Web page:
The Congressional Library
The earth is a coloured thing.
See the red clays, and the umbers and salt greys of the mountains;
See the clustered and wandering greens of plains and hillsides,
The leaf-greens, bush-greens, water-plant and snow-greens
Of gardens and forests.
See the reds of flowers — hibiscus, poppy, geranium;
The rose-red of little flowers — may-flowers, primroses;
The harlequin shades of sweet-peas, orchids, pansies;
The madders, saffrons, chromes, of still waters,
The silver and star-blues, the wine-blues of seas and oceans.
Observe the stars at night time, name the colour of them;
Count and recount the hues of clouds at sunset and at dawn.
And the colours of the races of men —
What are they?
And what are we?
We, the people without a race,
Without a language;
Of all races, and of none;
Of all tongues, and one imposed;
Of all traditions and all pasts,
With no tradition and no past.
A patchwork and an altar-piece,
Vague as sea-mist,
Myriad as forest-trees,
Living into a present,
Building a future.
Our colour is the vari-coloured world.
No colours clash,
All clash and change,
And, in changing, new colours come and go and dominate and remain,
And no one shall say which remain,
Since those that have vanished return,
And those no man has seen take the light and are.
Where else in all America are we so symbolized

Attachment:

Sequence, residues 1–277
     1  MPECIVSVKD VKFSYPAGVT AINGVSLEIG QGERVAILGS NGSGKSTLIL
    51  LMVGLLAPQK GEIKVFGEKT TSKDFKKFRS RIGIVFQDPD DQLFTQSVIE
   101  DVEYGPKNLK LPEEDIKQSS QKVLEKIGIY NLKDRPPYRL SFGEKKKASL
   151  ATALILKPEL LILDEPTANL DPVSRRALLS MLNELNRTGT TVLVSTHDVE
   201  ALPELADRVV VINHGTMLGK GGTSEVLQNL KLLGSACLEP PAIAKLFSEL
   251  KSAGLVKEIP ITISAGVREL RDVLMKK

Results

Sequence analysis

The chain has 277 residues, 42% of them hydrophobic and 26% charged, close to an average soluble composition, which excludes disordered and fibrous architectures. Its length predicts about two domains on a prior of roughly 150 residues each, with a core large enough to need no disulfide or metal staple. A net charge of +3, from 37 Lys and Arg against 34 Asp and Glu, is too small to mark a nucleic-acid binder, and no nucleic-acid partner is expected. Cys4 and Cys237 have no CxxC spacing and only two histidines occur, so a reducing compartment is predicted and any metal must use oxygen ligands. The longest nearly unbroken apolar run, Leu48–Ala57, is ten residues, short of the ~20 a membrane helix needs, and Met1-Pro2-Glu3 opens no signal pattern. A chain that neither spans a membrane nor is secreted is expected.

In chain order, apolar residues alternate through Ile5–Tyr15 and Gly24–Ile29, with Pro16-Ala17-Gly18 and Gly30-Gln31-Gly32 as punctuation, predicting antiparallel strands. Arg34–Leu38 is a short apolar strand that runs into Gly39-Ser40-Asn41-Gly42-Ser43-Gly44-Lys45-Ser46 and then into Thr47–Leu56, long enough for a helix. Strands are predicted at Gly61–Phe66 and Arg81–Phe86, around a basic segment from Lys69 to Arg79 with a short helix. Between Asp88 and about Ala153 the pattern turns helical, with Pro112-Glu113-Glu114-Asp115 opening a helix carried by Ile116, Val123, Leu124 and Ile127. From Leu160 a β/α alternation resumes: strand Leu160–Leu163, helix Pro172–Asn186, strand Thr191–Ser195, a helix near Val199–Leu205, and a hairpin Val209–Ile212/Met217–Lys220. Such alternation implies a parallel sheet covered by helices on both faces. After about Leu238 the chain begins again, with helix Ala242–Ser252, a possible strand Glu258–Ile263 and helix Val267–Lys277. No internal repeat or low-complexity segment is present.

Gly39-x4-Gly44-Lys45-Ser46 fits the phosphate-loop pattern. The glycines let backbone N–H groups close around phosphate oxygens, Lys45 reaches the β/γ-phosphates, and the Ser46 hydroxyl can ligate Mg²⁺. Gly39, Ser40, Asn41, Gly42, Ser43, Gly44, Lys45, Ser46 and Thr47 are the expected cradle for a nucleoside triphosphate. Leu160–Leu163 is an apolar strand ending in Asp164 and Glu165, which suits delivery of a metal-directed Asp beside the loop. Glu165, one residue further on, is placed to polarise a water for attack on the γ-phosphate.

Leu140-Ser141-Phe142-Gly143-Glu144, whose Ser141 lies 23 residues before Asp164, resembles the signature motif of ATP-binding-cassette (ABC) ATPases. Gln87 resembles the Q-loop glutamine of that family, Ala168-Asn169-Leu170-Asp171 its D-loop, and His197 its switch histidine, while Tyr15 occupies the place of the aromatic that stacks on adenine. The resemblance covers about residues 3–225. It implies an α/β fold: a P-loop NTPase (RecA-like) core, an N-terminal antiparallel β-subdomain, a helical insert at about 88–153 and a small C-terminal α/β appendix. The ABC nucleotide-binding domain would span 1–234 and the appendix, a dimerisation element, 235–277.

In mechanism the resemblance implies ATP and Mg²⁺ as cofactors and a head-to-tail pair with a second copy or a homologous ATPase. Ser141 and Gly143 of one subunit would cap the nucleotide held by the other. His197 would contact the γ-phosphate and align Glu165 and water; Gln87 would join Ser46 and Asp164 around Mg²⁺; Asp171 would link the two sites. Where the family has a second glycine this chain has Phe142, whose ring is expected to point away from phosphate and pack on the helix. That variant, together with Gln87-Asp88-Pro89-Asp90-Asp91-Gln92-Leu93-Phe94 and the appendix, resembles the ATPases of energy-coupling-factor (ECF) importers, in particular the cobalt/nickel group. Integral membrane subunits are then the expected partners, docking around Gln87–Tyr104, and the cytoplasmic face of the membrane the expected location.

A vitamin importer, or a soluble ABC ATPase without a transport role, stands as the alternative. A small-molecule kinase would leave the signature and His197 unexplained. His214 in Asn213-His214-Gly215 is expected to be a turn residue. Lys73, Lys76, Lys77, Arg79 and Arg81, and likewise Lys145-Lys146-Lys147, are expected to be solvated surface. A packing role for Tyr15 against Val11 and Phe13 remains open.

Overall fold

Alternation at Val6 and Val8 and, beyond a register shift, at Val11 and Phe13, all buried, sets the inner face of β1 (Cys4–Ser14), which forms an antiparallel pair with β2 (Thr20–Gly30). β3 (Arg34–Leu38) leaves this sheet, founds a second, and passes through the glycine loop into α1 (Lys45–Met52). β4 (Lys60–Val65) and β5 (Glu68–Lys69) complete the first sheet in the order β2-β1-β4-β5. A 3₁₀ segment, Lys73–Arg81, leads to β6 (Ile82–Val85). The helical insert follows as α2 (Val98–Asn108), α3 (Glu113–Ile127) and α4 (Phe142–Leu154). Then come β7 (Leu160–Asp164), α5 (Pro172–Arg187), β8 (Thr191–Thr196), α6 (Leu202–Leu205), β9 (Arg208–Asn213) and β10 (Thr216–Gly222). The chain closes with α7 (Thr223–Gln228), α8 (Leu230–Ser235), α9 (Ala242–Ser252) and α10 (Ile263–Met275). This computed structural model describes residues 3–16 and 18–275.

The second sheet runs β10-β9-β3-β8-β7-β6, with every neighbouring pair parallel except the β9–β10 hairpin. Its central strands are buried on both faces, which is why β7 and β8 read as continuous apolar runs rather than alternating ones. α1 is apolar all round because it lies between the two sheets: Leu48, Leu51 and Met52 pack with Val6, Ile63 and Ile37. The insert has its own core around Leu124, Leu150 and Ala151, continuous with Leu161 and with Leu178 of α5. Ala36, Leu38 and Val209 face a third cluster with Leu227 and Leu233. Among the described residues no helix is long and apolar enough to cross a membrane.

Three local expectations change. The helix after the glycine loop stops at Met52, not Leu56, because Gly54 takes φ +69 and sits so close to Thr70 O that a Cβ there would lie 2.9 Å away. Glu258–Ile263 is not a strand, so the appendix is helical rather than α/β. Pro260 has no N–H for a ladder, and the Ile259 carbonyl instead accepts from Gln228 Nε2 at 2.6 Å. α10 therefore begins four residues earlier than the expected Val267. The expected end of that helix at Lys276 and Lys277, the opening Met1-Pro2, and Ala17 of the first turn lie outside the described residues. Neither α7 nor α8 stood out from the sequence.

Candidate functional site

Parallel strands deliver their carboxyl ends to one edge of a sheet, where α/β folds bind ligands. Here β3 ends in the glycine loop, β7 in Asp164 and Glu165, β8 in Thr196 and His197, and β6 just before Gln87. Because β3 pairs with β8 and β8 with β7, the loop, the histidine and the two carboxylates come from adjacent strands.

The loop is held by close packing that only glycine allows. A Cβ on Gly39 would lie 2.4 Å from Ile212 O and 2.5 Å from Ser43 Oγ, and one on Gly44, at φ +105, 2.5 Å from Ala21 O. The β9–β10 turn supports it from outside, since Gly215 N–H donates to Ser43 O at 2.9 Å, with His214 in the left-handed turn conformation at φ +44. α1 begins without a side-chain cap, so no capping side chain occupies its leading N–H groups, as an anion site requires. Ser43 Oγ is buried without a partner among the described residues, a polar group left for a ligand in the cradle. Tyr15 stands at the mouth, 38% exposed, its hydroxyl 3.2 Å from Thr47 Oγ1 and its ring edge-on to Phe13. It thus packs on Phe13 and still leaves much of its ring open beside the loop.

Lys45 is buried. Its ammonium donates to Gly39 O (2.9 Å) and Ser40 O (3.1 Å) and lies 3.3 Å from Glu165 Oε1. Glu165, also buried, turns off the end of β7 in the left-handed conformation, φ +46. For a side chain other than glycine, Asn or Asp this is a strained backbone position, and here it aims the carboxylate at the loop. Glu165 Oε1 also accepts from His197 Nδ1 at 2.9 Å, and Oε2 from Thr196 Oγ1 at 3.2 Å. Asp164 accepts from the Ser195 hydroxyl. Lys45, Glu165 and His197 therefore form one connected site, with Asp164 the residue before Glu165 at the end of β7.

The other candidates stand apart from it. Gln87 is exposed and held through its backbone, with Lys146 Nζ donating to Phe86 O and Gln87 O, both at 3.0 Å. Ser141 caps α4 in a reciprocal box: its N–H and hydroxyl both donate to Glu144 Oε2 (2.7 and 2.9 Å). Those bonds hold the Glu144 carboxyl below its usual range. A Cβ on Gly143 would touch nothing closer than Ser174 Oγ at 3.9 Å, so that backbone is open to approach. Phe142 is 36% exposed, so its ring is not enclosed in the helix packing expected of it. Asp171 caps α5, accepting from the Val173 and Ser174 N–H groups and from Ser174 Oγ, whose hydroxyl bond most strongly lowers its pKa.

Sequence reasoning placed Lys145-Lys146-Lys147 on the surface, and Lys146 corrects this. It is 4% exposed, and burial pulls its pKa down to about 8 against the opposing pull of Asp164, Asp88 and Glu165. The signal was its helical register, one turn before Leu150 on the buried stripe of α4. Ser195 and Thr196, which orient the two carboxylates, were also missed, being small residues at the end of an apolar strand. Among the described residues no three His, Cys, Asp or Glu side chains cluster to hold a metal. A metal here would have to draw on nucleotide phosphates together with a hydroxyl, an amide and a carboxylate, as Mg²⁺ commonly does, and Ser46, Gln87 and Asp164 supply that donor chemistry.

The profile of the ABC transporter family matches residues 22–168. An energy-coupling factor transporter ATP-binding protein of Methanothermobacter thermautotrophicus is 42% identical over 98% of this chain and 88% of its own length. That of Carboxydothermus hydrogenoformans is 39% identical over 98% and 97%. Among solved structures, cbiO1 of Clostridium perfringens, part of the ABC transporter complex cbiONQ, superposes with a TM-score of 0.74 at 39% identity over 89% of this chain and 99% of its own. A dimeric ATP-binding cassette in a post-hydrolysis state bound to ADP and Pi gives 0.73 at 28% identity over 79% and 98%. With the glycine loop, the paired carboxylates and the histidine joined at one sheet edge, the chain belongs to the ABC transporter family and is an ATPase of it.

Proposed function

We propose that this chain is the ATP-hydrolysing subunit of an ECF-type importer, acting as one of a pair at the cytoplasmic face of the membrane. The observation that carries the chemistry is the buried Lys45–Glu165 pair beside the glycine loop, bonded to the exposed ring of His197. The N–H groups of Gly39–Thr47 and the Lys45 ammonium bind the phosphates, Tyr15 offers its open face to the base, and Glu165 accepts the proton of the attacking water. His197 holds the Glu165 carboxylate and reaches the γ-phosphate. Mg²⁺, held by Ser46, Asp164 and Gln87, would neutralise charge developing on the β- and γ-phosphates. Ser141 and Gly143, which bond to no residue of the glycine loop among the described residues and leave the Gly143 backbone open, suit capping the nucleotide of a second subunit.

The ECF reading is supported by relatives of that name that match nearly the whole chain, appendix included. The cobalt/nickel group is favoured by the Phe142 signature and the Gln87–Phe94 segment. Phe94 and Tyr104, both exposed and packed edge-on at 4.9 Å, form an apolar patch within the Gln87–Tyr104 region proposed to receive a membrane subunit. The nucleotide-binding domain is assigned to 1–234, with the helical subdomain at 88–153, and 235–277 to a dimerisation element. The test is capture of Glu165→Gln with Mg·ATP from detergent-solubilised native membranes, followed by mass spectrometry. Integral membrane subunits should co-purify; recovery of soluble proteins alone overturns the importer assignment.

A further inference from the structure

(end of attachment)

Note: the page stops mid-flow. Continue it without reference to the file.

As in this hall?
White columns polished like glass,
A dome and a dome,
A balcony and a balcony,
Stairs and the balustrades to them,
Yellow marble and red slabs of it,
All mounting, spearing, flying into colour.
Colour round the dome and up to it,
Colour curving, kite-flying, to the second dome,
Light, dropping, pitching down upon the colour,
Arrow-falling upon the glass-bright pillars,
Mingled colours spinning into a shape of white pillars,
Fusing, cooling, into balanced shafts of shrill and interthronging light.
This is America,
This vast, confused beauty,
This staring, restless speed of loveliness,
Mighty, overwhelming, crude, of all forms,
Making grandeur out of profusion,
Afraid of no incongruities,
Sublime in its audacity,
Bizarre breaker of moulds,
Laughing with strength,
Charging down on the past,
Glorious and conquering,
Invincible pith and marrow of the world,
An old world remaking,
Whirling into the no-world of all-coloured light.
But behind the vari-coloured hall?
The entrails, the belly,
The blood-run veins, the heart and viscera,
What of these?
Only at night do they speak,
Only at night do the voices rouse themselves and speak.
There are words in the veins of this creature,
There are still notes singing in its breast:
Silent voices, whispering what it shall speak,
Frozen music beating upon its pulses.
These are the voices of the furious dead who never die,
Furious with love and life, unquenchable,
Dictating their creeds across the vapours of time.
This is the music of the Trumpeters of the Almighty
Weeping for a lost estate,
Sounding to a new birth which is tomorrow.
Hark! This hurricane of music has no end,
The speech of these voices has neither end nor beginning;
They are inter-riven as the colours of the sky
Over the graveyards of ten thousand generations.
When we are as Nineveh, our white columns thrown and scattered,
Our dome of colours striped with the crawling of insects,
Spotted with the thrust of damp clay —
Our words, our music, who will build a dome to hive them?
In whose belly shall we come to life?
A new life,
Beyond submergence and destruction,
The implacable life of silent words,
Of tumultuous stillness of never-ceasing music,
Lost to being that so it may triumph
And become the blood and heat and urge
Of that hidden distance which forever whips and harries the static present
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